'Insidious: Chapter 2' Cast Goes Back to the Further at L.A. Premiere
“You can’t kill a lead character in a $200 million movie,” says producer Jason Blum. “On a $2 million movie, everybody can die.”
Universal CityWalk was aglow on Tuesday as the cast and crew of Insidious: Chapter 2 appeared for the premiere of director James Wan’s sequel.
Patrick Wilson, Rose Byrne, Lin Shaye and many others from the original cast made the rounds on the red carpet, speaking excitedly about the latest installment of the supernatural horror film.
While the prospect of a sequel to 2010's Insidious appealed to Wan and screenwriter Leigh Whannell throughout production, Shaye tells The Hollywood Reporter that “they weren’t going to do another film unless they had a great story.” Shaye credits producer Jason Blum for “encouraging them to find that story.”
The success of the original film came as a rousing surprise for those involved in its production as well as industry analysts, grossing over $100 million with a $1.5 million budget. As is true of many sequels, spending for Insidious: Chapter 2 did increase, but Blum’s confidence in the low-budget business model ultimately prevailed.
“We do it, really, because we have creative freedom,” Blum says. “The first Insidious never would have happened if it weren’t for that model to take risks. I think the movie feels very original, and I think that that’s why.”
Once filmmakers recognize the potential benefits, Blum expects to see a rise in low-budget productions. “You can’t kill a lead character in a $200 million movie,” Blum explains. “On a $2 million movie, everybody can die.”
Emphasis on creative freedom during production tied cast and crew together in Insidious: Chapter 2. Byrne tells THR that Wan’s particular zeal for independent filmmaking, “really paid off in terms of him as a filmmaker -- really having autonomy over his movie.”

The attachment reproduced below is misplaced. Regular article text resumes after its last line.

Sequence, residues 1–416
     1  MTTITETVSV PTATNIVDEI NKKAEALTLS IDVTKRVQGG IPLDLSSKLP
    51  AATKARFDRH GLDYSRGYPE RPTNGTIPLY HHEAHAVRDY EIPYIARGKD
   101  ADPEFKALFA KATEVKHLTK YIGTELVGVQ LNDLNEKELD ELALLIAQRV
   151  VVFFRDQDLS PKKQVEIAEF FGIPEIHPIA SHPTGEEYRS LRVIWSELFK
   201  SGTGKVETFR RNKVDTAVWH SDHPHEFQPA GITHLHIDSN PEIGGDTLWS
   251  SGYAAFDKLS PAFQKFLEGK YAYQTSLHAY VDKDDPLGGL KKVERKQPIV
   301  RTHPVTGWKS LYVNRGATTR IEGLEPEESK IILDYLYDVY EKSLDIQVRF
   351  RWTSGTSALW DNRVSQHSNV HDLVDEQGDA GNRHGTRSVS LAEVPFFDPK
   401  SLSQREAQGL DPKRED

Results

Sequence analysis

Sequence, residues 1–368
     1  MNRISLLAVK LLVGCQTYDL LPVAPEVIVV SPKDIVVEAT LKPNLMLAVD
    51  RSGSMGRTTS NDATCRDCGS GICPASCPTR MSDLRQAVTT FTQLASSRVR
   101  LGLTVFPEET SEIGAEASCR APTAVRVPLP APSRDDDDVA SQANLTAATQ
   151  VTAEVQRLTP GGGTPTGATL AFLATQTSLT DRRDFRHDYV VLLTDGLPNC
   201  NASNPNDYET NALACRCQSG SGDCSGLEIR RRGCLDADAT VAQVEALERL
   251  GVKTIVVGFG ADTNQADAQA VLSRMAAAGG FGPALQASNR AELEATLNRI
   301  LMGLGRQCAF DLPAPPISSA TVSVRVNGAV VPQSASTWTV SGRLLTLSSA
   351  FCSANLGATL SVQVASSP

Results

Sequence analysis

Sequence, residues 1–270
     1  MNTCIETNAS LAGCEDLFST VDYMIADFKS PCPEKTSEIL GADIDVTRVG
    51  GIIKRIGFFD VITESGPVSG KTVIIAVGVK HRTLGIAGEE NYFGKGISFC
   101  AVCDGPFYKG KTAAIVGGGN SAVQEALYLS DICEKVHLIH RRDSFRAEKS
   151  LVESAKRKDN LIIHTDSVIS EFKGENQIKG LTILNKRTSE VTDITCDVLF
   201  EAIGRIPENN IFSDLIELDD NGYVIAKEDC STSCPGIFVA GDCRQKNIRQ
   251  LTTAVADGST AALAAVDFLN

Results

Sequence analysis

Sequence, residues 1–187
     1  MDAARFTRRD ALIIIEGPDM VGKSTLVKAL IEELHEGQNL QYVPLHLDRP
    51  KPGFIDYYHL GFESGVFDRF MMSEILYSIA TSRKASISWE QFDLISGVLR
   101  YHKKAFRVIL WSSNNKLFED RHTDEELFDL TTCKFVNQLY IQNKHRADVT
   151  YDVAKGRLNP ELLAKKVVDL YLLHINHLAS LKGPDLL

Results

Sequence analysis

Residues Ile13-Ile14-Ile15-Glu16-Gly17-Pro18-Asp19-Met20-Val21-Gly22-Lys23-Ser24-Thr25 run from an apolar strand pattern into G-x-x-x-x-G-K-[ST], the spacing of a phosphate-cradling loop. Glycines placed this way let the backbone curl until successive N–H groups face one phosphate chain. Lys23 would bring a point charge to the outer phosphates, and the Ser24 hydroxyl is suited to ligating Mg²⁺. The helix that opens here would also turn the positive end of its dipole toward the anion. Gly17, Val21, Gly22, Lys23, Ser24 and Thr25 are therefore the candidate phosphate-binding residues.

Says Wilson: "Keeping the formula the same keeps all the decisions, the creative decisions, up to James and Leigh, which is a real bonus ... It’s the same formula that worked for the first one, and hopefully it works for this one.”
Writer Whannell notes the importance of genre when considering film budgets. “With horror films, especially supernatural horror films, special effects and big budgets don’t really help. I mean, you’re talking about very simplistic techniques here.” Speaking with THR, Whannell reasons that minimal funding “almost behooves a horror film.”
Wan and Whannell use their expanded creative license to explore new realms within the supernatural horror film, allowing audiences to reacquaint themselves with the original cast whose stories are sure to haunt moviegoers who dare to brave theaters upon Insidious: Chapter 2’s national release this week: on Friday the 13th.
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